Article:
Lenders need to know these ways to help their customers with the flood insurance map
Since Congress passed the Biggert-Waters Flood Insurance Reform Act of 2012, lenders and borrowers have experienced increased flood insurance map changes. Unfortunately, flood insurance map changes are not a pleasant surprise for borrowers.
As a lender, you are the one who has to bring the bad news to your customer. This article will review the regulatory procedure lenders must follow and offer some advice to help borrowers obtain the proper flood insurance or challenge the map change with their local flood plain management officials.
Understanding How Flood Insurance Maps Change
FEMA updates its Flood Insurance Rate Maps (FIRM) every two weeks. These preliminary maps are published on the FEMA Map Service Center website about a year in advance to allow communities the opportunity to comment on the changes.
After public hearings, pending maps are published in the Federal Register 6 months before the effective date before becoming the official map.
There are 142 million flood zones in the US. This is definitely a case for more effective tracking.
When a property is in a flood zone that changes, NFIP Flood Insurance can become mandatory or voluntary, and flood insurance premiums can go up or down.
Lender Flood Insurance Regulation for Map Changes
The lender's responsibility by regulation is to determine if adequate flood insurance coverage is in place for their loans secured by property in a Special Flood Hazard Area (SFHA). This coverage must be in place by the effective date of the map change.
Joint Agency regulation states:
"If the borrower does not purchase a flood insurance policy that begins on the effective date of the map change, the lender or its servicer must send the force-placement notice to the borrower to purchase adequate flood insurance."
If the borrower does not obtain flood insurance, the lender must force-place flood insurance on the effective date of the map change. The regulation allows lenders to send notice before the effective date of the map change as a courtesy.
The Top Five Best Ways Lenders Can Help Borrowers Remapped into an SFHA Flood Zone
Loan servicing agents can offer the following advice to borrowers being remapped into an SFHA zone (and avoid borrower noise in the process).
- Flood Insurance is separate from a Homeowners policy. Your current insurance broker typically sells flood insurance policies.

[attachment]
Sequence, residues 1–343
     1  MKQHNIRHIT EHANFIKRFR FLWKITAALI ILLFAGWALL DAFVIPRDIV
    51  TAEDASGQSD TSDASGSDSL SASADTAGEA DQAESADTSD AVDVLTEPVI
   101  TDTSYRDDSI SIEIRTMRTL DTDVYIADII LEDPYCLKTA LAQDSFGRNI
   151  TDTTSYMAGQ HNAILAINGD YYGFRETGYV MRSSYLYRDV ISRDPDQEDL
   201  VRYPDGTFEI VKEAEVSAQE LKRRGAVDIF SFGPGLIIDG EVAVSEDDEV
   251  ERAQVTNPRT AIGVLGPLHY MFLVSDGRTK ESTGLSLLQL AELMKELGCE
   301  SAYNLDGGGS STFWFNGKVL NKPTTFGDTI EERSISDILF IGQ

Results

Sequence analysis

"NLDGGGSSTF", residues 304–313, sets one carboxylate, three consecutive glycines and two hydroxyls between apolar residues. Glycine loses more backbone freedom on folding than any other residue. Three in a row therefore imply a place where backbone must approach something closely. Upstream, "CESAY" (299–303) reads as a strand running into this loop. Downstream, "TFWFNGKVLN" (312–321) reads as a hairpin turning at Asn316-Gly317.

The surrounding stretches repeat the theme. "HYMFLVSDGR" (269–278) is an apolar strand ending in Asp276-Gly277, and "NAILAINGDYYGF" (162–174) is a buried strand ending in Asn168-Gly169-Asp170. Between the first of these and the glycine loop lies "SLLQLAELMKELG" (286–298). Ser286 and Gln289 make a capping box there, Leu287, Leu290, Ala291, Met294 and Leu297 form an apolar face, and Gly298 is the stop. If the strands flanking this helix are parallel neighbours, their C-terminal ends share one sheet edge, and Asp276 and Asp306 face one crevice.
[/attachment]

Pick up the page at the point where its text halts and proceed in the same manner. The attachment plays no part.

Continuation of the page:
- You may be required to purchase a Flood Elevation Certificate used to determine your property's base flood elevation. A surveyor or civil engineering company can provide these certificates.
- Inform them that private flood insurance is an option that may provide a more cost-effective solution than FEMA's NFIP flood insurance policy.
- Explain that the borrower cannot ignore this request. However, if they do, you as a loan servicer are required by federal law to force-place insurance that may be more expensive than the coverage they buy themselves.
- If the borrower wishes to dispute the flood zone remapping process, the procedure begins with filing a Letter of Map Amendment (LOMA) to FEMA. FEMA will review all submissions, but the property owner's responsibility is to prove that the structure in question is outside of the SFHA or the lowest ground elevation touching the structure is above the Base Flood Elevation (BFE).
Recommended Flood Insurance Map Change Procedures
No lender wants to be the bearer of bad news regarding SFHA Flood Zone remapping, but not giving the property owner sufficient notice to obtain flood insurance can result in force-placing insurance by regulation that only worsens the situation.
We at Miniter advise our clients to get their flood zone determination vendors to submit SFHA remapping notices as soon as the map status changes to "Pending Map Change ." Then, if the lender reacts with a flood insurance map change notification to the property owner, they will have six months to obtain flood insurance. This lead time should be sufficient to get the proper flood insurance, even if the property owner must purchase an Elevation Certificate before applying for flood insurance.